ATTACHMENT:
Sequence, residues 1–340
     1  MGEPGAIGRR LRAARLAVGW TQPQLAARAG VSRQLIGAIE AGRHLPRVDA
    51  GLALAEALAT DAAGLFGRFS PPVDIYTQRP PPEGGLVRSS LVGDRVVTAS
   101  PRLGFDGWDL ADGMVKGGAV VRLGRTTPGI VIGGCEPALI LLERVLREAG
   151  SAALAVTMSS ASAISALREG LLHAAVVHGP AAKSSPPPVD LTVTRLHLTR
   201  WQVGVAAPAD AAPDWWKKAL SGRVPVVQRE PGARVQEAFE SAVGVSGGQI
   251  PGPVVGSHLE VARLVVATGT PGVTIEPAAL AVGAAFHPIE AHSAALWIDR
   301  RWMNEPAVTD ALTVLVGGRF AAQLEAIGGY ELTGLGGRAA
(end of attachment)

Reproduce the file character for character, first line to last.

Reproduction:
Sequence, residues 1–340
     1  MGEPGAIGRR LRAARLAVGW TQPQLAARAG VSRQLIGAIE AGRHLPRVDA
    51  GLALAEALAT DAAGLFGRFS PPVDIYTQRP PPEGGLVRSS LVGDRVVTAS
   101  PRLGFDGWDL ADGMVKGGAV VRLGRTTPGI VIGGCEPALI LLERVLREAG
   151  SAALAVTMSS ASAISALREG LLHAAVVHGP AAKSSPPPVD LTVTRLHLTR
   201  WQVGVAAPAD AAPDWWKKAL SGRVPVVQRE PGARVQEAFE SAVGVSGGQI
   251  PGPVVGSHLE VARLVVATGT PGVTIEPAAL AVGAAFHPIE AHSAALWIDR
   301  RWMNEPAVTD ALTVLVGGRF AAQLEAIGGY ELTGLGGRAA